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Teel Time: Virginia coach Tony Bennett concedes talent gap but nothing else

Leftovers from Wednesday’s

ACC

basketball media gathering. Simply stir, nuke and enjoy.

* I wasn't at

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Virginia
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coach

Tony Bennett

's table when he said this, but VirginiaSports.com's

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Jeff White
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was.

"For being in our third year, I think we've made the right kind of steps," Bennett said. "We have the right pieces in place. The league always changes. There's great talent in our league. We'll never probably be on equal or better footing than some teams in our league, but that's OK. It's so much about having enough talent and pulling it all together and playing collectively, and that will always be the way we'll have a chance to go beyond.

"I think our players understand that, and I understand that, because if you just get in talent for talent, guy for guy, it probably isn't going to happen. But it's a team game. It's one of the purest team games. That's why I'm coaching it and why I played it."

That, my friends, is someone who gets it. Indeed, the Cavaliers will rarely, if ever, match Duke and

North Carolina

's raw talent. But that doesn't mean Virginia can't compete. All it takes is ingenuity, teamwork and a sage coach.

Sounds like Virginia has the latter.

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* Media voted North Carolina forward

John Henson

the ACC’s defensive player of the year last season, but Tar Heels coach Roy Williams said he wasn’t even the team’s best defender.

According to Ol’ Roy, center

Tyler Zeller

graded out best defensively in more games than any Tar Heel.

“John changes the game more abruptly,” Williams said. “(But) Z is in the right place all the time. John might be in the wrong place, but he still has the ability to block the shot.”

Henson is 6-foot-11 and has extraordinarily long arms. Moreover, he’s quick off his feet, witness his league-best 118 blocked shots last season.

* The ACC staged its 2001 and 2009 basketball tournaments at the Georgia Dome, but when the event returns to Atlanta in March, the venue will be the adjacent and much more compact Philips Arena, home to the

Atlanta Hawks

.

“The feedback we were continually having from our fans throughout the league was the preference for a traditional-sized arena,” commissioner John Swofford said.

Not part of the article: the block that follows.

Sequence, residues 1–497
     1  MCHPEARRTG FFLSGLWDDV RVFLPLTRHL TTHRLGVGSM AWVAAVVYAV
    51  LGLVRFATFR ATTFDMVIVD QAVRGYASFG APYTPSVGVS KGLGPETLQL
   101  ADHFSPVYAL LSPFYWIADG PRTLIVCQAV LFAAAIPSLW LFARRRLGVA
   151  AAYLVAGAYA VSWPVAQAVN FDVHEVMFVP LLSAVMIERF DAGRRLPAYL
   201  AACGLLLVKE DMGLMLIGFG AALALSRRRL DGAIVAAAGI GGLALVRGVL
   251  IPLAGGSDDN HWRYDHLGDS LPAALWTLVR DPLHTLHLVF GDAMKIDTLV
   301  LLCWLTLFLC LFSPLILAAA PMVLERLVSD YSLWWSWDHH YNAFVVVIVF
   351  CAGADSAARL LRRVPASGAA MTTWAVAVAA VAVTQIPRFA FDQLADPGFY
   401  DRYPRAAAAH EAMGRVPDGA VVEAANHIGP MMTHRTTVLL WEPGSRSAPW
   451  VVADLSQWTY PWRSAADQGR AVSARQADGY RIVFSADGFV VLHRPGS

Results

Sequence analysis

* Swofford on why the ACC likely will expand the conference schedule from 16 to 18 games whenever

Syracuse

and

Pittsburgh

arrive: “One of the things as a conference that you want to do as you get bigger in any sport is to play each other as much as is reasonable and possible.”

Hear, hear. Otherwise, it’s not a conference.

* Swofford touted the credentials of the ACC’s first-year coaches:

Miami

’s Jim Larranaga,

North Carolina State

’s Mark Gottfried,

Georgia Tech

’s Brian Gregory and

Maryland

’s

Mark Turgeon

.

That foursome has a combined 19

NCAA tournament

appearances. Larranaga five at

George Mason

, including the 2006 Final Four; Gottfried two at Murray State and five at

Alabama

, including the 2004 Elite Eight with the Crimson Tide; Turgeon one at Wichita State and four at Texas A&M, and Gregory two at Dayton.

Their NCAA tournament records are above-average as well. Gregory is 1-2, Larranaga and Turgeon 5-5, Gottfried 5-7.

“I think it’s going to be fun to watch as they bring a freshness and enthusiasm to our league that is welcome,” Swofford said.

* For the second consecutive year, Duke will lean heavily on a freshman. Last season it was

Kyrie Irving

, this season

Austin Rivers

.

But coach

Mike Krzyzewski

is more enthused with veteran big men Mason and Miles Plumlee and Ryan Kelly.

“I think it’s their time,” Krzyzewski said. “I’m excited about our older guys much more than our younger guys because they’ve put in the time.”

Miles Plumlee is a senior,

Mason Plumlee

and Kelly juniors. All are at least 6-10, but none has averaged in double-figures.

“Can they compete (nationally)?” Krzyzewski said. “We believe they can. … Our (big) guys are going  to be (scorers), which they haven’t been because we were so strong on the perimeter.”

Kelly believes Rivers, whose father, Doc, coaches the

Boston Celtics

, is ready for a leading role.

“We certainly see it in his scoring ability,” Kelly said, “his ability to get by defenders. He’s certainly going to have a transition period, too. He’s figuring out how to defend and when to shoot and when to pass.”

* Virginia point guard Jontel Evans’ minor knee sprain has forced freshman wing Malcolm Brogdon into some quarterbacking duties during practice.

“He’s definitely comfortable with the ball,” senior guard Sammy Zeglinski said. “He should be fine at the point. Everybody in our system needs to be able to handle the ball.”

Bennett said Evans twisted his left knee during a non-contact drill and should return to practice soon.

“I was a little concerned it was going to be worse,” Bennett said.

I can be reached at 247-4636 or by e-mail at dteel@dailypress.com. Follow me at twitter.com/DavidTeelatDP

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